I'm doing an introductory economics course, having never done economics before. In our topics, we covered monopoly and the principle that the marginal revenue slope is twice that of the demand slope. I have also seen it stated elsewhere that the y-intercept of the two is also the same. However, if I calculate the marginal revenue equation and if I graph it, I get a different y-intercept to that of the demand slope (see below). As a result, I am always 0.5 units away from the given solution.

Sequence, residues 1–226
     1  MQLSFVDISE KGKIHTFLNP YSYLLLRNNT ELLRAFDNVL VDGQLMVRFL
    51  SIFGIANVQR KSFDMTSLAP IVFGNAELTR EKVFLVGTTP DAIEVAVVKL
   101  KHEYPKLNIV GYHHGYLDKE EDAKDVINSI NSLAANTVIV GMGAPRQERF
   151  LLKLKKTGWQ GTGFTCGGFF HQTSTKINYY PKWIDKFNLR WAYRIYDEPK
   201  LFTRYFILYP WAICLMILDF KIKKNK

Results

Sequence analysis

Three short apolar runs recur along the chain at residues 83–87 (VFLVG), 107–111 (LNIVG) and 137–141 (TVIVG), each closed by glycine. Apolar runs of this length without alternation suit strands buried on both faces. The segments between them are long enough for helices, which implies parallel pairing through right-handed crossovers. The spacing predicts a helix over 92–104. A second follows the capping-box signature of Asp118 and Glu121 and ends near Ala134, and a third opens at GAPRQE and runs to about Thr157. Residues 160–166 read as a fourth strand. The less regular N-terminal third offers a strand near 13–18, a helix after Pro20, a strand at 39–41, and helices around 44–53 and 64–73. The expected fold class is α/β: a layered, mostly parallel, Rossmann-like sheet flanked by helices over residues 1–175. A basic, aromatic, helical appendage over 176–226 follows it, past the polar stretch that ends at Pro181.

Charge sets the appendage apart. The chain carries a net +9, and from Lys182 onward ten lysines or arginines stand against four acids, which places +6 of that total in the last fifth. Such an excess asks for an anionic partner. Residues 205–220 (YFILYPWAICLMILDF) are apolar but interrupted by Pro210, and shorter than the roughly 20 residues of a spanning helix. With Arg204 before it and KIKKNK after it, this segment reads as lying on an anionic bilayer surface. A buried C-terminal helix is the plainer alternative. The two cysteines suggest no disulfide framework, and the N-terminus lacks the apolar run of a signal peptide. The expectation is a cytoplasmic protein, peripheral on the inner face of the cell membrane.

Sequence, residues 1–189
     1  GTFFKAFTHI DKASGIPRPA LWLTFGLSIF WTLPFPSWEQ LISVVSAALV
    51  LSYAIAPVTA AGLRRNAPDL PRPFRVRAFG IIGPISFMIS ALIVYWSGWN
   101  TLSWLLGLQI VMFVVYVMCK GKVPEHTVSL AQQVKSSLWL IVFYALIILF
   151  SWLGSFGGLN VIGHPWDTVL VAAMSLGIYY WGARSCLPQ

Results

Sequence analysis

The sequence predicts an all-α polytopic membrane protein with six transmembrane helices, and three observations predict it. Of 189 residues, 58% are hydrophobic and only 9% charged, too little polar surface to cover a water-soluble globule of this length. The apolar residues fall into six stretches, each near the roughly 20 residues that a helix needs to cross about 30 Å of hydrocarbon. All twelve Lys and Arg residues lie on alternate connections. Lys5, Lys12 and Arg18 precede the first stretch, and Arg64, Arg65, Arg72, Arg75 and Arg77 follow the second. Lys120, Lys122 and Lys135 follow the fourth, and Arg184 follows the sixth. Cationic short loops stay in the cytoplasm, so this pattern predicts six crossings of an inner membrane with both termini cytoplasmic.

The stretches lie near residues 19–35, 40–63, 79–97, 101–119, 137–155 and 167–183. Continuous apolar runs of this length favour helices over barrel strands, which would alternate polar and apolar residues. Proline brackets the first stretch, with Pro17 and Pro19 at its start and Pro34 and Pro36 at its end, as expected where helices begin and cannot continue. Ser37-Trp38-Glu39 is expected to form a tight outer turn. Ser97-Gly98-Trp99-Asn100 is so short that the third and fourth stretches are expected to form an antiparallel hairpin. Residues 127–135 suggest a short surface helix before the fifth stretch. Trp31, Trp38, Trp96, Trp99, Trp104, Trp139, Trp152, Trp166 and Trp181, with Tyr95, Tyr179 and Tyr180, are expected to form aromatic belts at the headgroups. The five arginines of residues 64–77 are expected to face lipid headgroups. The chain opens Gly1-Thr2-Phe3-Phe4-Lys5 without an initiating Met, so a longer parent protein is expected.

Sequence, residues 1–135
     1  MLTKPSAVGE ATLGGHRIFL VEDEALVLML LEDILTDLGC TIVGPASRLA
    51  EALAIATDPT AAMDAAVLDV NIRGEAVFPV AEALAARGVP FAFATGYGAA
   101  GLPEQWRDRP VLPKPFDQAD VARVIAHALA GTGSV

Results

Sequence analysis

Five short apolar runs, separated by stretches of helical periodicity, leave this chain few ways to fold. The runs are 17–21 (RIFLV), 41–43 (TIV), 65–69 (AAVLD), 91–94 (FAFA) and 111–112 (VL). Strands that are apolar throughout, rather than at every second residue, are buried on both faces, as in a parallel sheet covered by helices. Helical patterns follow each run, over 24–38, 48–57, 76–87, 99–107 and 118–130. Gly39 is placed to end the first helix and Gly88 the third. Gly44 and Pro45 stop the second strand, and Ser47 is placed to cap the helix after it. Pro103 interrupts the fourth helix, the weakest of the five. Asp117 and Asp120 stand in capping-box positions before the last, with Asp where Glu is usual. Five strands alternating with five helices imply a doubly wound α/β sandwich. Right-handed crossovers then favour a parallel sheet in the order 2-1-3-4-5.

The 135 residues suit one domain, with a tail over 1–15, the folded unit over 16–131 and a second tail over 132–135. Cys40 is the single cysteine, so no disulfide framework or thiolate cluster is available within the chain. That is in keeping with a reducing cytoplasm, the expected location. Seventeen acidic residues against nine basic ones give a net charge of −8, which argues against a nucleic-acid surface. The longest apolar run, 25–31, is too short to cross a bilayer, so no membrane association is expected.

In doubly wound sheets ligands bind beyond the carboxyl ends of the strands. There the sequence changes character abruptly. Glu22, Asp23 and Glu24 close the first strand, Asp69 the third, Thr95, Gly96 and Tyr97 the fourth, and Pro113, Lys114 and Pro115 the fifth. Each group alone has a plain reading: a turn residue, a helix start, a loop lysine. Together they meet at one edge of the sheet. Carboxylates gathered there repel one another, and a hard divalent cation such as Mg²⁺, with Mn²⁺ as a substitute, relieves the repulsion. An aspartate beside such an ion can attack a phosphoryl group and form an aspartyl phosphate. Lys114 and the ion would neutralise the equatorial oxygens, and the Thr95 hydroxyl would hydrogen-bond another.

If the demand equation is as follows: $P = k + aQ$, then $MR = Q\times(k+aQ) - (Q-1)(k+a(Q-1))$. This simplifies to $MR = (k-a) + 2aQ$. (Note, a is normally negative, so $-a$ would essentially be adding to $k$).
Can anyone explain to me what I'm doing wrong?
The demand curve of one example was given as: $P = 120 - 2Q$
Here are my calculations: $MR = Q \times (120 - 2Q) - (Q - 1) \times (120 - 2(Q - 1))$
$MR = 120 Q - 2Q^2 - (Q - 1) \times (122 - 2Q)$
$MR = 120Q - 2Q^2 - (122Q - 2Q^2 - 122 + 2Q)$
$MR = 120Q - 2Q^2 - 124Q + 2Q^2 + 122$
$MR = 122 - 4Q$